The issue is whether a so-called national popular vote undermines the representational nature of a delegate system that includes caucuses. It is a question about how we understand the “popular will” given the current system. It is a question about fairness and expectations. We need to discuss these matters now, and not in August.
No one has argued that the representational system to which you have so altruistically dedicated to uphold should be set aside–nor that the venerable caucus voter be trampled. Nonetheless, you well know the representational system you idealistically cherish also grated super-delegates with the free will to endorse the candidate of their conscience and judgment.
I find it odd however, that you are willing to argue that these super-delegates should disregard their raison d’etre so they can validate the candidate with the greater number of delegates, at the expense of the candidate with the greatest number of votes. In order words you want super-delegates to submit their judgment to the judgment of majority of delegates but not to judgment of the majority of the popular will.
Pardon me, my dear Mitchell, but given your altruism’s discrepancies with the Nash Equilibrium, I can safely surmise that your line of reasoning is not entirely driven by an explicit interest in the caucus voter, but rather in a nameless candidate, that for argument’s sake I will call Barak Obama.
Clinton takes Indiana by a ‘razor’ and Obama wins North Carolina by a huge margin. Nevertheless, Kentucky, Montana and West Virginia are still to come.
The Democratic race for nomination is still very much alive – and most likely to be decided by superdelegates
If you’re tired of waiting around for those super delegates to make a decision already, go to LobbyDelegates.com and push them to support Clinton or Obama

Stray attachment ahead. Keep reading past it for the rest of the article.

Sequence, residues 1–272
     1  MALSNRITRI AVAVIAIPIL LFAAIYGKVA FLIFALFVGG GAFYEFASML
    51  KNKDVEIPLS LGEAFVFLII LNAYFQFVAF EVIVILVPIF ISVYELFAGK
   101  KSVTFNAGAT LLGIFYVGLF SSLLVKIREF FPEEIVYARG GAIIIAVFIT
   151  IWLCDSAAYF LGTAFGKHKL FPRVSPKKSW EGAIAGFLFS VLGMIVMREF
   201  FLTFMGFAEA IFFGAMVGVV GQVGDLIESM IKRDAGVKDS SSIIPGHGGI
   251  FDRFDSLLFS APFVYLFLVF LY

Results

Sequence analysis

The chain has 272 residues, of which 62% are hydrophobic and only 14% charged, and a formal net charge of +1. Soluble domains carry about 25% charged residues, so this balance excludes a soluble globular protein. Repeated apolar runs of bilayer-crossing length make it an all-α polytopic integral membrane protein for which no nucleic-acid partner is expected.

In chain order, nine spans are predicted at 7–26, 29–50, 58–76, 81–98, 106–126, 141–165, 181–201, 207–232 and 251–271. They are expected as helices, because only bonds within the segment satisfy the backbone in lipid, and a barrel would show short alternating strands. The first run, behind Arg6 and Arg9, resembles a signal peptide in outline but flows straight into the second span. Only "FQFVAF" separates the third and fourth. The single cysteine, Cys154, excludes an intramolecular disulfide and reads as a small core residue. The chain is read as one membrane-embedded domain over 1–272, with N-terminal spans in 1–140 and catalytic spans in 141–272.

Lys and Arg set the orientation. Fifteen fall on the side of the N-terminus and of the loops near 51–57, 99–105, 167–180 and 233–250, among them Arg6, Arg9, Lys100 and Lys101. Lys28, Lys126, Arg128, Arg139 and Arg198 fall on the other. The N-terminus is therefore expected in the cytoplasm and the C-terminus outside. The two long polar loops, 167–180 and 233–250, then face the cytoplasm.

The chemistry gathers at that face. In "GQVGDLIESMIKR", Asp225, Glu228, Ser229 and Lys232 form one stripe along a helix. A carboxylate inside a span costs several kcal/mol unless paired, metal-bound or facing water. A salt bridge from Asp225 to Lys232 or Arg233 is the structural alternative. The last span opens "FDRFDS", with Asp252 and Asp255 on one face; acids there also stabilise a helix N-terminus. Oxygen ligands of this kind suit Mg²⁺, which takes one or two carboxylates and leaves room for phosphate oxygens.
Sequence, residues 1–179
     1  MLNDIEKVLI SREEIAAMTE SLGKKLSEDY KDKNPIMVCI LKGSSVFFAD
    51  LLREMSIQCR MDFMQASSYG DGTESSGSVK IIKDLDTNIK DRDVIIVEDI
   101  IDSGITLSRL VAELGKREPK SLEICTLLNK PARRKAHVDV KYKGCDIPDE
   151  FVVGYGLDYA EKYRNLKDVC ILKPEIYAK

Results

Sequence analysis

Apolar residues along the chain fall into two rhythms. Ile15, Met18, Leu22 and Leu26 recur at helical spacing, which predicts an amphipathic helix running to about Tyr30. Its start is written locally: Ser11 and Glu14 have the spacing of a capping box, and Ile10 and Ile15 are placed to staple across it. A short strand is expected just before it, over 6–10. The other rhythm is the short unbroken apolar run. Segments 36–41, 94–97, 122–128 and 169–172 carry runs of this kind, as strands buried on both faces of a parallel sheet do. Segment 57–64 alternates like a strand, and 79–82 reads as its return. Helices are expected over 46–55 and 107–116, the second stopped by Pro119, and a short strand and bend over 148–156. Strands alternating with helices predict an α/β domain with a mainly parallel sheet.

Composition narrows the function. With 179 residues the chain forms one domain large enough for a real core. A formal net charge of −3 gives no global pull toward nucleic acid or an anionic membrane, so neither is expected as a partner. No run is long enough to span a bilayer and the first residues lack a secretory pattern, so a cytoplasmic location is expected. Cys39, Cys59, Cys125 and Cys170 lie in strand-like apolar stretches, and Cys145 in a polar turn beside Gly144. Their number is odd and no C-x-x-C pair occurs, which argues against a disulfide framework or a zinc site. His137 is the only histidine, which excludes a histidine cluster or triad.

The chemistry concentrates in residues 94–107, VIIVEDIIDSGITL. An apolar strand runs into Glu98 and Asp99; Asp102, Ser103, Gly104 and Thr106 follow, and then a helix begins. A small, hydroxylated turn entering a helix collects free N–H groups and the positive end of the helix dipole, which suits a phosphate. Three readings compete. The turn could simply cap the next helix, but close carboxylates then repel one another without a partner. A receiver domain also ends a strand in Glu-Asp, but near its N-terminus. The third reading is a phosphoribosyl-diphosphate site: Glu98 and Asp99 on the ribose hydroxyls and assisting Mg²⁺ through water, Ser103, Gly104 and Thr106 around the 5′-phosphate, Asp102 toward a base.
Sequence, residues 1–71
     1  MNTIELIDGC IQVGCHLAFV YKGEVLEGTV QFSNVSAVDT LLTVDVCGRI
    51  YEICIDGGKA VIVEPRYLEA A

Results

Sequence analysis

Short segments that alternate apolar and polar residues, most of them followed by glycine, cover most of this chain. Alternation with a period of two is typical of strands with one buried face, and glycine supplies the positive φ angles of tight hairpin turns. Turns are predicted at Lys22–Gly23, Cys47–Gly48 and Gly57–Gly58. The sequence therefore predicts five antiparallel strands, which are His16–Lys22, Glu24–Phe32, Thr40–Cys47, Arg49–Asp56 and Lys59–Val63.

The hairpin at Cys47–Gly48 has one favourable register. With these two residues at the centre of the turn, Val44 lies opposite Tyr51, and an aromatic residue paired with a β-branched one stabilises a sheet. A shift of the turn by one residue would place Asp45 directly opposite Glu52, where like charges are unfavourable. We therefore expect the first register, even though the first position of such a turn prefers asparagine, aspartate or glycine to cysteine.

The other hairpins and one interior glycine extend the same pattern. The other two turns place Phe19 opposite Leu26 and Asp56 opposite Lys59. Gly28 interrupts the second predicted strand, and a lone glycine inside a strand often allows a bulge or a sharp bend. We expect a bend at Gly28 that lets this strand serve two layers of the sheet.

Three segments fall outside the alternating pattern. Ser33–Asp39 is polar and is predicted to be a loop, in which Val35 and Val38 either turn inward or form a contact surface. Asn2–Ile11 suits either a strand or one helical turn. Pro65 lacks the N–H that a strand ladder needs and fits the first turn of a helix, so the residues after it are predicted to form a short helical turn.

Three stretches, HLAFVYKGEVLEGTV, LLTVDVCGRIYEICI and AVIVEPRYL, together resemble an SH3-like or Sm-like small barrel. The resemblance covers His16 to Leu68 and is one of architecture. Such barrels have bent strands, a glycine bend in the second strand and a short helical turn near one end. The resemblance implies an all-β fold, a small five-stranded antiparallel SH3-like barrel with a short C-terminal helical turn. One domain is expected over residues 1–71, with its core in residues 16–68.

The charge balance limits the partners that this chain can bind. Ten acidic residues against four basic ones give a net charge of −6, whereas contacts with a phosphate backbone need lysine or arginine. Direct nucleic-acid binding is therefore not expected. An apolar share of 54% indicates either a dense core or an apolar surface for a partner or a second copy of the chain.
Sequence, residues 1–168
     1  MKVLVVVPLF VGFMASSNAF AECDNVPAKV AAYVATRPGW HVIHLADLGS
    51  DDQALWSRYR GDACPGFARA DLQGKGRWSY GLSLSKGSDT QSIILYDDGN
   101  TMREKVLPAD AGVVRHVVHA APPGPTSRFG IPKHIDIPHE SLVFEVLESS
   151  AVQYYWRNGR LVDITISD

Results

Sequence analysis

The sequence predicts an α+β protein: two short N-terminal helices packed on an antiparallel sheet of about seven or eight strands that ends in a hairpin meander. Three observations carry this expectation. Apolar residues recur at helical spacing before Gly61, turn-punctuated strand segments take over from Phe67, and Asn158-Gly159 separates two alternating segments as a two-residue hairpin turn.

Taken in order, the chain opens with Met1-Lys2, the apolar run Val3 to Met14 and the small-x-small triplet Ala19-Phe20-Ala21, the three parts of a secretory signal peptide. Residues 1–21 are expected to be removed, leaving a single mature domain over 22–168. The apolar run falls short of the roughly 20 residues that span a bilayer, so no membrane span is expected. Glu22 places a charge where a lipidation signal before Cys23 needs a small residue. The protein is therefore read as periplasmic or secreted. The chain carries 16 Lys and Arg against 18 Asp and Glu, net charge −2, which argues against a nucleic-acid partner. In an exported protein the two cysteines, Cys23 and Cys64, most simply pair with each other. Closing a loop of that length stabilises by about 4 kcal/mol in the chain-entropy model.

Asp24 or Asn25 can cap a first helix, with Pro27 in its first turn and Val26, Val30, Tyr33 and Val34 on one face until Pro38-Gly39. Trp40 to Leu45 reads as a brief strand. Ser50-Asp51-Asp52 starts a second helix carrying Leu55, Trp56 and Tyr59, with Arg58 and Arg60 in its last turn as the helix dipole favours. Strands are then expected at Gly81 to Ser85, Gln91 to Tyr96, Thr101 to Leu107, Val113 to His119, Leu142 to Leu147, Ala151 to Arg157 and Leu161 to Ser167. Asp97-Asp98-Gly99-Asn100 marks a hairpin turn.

If you haven’t done so yet, please write a message to each of your state’s superdelegates at http://www.lobbydelegates.com
Sending a note to current Obama supporters lets them know it’s appreciated, sending a note to current Clinton supporters can hopefully sway them to change their vote to Obama, and sending a note to the uncommitted folks will hopefully sway them to vote for Obama. It’s that easy…
Clinton Supporters too …. !
It takes a moment, but what’s a few minutes now worth to get Clinton in office?! Those are really worth !
Sending a note to current Clinton supporters lets them know it’s appreciated, sending a note to current Obama supporters can hopefully sway them to change their vote to Clinton, and sending a note to the uncommitted folks will hopefully sway them to vote for Clinton. It’s that easy…
“LobbyDelegtes.com is a great tool, I have contacted all my State Delegates for free through email, I have come accross another tool from the same company http://www.statedemocracy.org its also free and I can contact my lawmakers, apply for an absentee ballot & voter registration and on election day I can locate my polling places. Great tool…. use it”